Recent poll numbers made it unsurprising that Canada's Conservatives won yesterday's federal election, but the scale of the win was impressive. The severity of the once-mighty Liberals' drubbing was even more so. Previously either in government or constituting the main opposition party, they were reduced to a dismal third place behind the more left-leaning, pro-labour New Democrats. The NDP and the Liberals both advanced the cap-and-trade approach to greenhouse gases. This is hard to sell (especially west of Ontario) in a country that is a big energy-exporter with hopes of expanding the industry still more.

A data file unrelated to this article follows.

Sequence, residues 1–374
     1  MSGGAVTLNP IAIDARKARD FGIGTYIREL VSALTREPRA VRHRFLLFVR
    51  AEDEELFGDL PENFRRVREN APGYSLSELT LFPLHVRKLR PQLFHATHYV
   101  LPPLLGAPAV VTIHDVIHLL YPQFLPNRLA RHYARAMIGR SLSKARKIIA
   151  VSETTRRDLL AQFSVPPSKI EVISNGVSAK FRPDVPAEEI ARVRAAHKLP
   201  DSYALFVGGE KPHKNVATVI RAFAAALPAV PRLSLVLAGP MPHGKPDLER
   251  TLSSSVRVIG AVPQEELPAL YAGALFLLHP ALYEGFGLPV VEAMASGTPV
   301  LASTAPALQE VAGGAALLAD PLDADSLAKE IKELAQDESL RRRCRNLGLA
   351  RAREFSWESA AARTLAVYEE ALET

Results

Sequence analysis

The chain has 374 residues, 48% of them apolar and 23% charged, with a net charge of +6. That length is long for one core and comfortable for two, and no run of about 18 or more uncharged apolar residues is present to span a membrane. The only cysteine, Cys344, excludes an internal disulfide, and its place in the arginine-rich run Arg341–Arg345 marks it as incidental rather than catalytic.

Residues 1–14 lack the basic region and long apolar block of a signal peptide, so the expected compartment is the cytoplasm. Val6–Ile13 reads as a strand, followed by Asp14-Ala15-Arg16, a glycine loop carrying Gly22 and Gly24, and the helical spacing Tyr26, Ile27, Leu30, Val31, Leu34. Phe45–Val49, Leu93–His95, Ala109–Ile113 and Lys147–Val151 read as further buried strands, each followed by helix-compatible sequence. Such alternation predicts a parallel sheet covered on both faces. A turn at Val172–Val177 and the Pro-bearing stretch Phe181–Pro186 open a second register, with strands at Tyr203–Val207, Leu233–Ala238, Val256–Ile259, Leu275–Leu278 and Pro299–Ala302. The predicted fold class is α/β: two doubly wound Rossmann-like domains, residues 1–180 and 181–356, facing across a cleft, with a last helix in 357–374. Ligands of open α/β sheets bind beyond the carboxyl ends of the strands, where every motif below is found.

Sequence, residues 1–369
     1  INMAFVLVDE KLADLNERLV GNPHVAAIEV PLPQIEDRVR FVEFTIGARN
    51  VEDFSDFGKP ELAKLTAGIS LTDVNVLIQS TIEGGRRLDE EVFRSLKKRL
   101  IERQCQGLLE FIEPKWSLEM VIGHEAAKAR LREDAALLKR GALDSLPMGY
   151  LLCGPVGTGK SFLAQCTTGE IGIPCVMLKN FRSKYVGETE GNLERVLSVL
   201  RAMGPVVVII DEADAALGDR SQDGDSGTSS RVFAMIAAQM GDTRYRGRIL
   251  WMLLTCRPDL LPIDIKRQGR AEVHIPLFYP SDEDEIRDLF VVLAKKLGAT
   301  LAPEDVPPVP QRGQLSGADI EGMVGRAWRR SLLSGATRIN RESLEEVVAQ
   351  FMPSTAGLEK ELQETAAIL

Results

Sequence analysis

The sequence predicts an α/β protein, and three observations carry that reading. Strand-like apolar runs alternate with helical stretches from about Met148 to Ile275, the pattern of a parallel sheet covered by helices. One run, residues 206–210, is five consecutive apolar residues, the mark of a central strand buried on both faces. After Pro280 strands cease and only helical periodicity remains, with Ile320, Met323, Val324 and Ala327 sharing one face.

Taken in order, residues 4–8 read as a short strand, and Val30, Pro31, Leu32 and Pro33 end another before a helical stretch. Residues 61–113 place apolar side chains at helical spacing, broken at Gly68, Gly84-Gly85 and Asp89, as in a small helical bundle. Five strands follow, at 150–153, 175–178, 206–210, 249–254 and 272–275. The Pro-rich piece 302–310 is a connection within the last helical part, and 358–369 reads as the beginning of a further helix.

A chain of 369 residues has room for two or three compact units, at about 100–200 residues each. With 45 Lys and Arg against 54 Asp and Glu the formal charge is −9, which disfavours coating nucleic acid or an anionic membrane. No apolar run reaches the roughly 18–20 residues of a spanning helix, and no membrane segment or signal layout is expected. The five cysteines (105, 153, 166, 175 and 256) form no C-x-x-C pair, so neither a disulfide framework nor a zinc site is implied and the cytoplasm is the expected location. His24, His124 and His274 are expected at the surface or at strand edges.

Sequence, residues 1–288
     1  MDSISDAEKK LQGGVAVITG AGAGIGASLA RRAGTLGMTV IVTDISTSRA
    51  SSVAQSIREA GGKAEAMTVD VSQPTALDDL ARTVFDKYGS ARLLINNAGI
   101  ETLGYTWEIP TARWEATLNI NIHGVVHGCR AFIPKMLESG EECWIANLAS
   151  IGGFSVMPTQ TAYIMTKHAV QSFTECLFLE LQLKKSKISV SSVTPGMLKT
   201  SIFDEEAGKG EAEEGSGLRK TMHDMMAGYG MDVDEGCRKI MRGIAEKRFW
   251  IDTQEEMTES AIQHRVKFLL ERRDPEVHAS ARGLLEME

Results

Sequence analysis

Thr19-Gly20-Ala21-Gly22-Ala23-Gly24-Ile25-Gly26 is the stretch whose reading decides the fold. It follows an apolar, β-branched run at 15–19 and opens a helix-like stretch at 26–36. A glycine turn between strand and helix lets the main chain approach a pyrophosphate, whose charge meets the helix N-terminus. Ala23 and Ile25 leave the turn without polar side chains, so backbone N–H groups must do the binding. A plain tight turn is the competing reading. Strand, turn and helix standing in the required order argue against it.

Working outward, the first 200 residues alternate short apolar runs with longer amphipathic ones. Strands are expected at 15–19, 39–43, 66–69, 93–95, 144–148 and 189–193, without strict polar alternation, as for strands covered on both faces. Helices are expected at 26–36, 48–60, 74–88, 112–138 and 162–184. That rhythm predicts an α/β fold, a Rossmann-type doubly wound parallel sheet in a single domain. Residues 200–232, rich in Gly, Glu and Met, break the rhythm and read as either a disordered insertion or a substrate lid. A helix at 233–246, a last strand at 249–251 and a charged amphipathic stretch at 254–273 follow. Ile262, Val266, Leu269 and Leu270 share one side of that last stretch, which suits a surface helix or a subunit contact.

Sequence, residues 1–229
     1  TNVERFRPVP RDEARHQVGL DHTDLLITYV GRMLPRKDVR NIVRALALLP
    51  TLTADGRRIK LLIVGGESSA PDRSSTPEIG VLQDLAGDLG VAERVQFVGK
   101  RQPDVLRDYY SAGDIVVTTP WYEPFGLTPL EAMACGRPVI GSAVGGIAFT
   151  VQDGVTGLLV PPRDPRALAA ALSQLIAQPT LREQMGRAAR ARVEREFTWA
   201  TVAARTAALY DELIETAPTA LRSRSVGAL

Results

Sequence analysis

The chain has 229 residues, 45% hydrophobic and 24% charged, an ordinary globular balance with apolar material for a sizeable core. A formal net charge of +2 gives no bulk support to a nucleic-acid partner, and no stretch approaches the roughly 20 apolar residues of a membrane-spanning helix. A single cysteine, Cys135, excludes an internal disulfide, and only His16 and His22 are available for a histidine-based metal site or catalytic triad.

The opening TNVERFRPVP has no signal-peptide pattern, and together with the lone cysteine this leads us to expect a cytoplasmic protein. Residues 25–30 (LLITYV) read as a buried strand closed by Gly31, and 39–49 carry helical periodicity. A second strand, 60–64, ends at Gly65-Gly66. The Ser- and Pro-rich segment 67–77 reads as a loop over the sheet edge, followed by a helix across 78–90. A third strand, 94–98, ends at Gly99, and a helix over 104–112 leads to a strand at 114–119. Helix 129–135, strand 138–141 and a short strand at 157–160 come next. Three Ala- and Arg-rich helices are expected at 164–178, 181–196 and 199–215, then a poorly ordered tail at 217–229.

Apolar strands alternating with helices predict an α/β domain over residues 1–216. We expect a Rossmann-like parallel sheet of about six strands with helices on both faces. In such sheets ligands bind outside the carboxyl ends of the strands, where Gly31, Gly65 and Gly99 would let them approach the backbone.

Michael Ignatieff, the Liberals' leader, said, "We have seen tonight, I think, the emergence of polarisation in Canadian politics." He lost his own seat, resigned as Liberal leader, and appears to be quitting politics altogether. That seems a shame.
I am a bit of an admirer of Ignatieff. He was the main reason, to be honest, why I followed the election--a comment that will rightly infuriate Canadians (most likely including my wife, who is semi-Canadian). He was, as you know, a scholar-journalist-broadcaster in Britain and the US before returning to his homeland to take up politics. He is a likeable man of impressive intellect. His book on Isaiah Berlin, a hero of mine, was excellent. I know, you don't need to tell me, that is no kind of qualification for a career in politics--as we now see confirmed.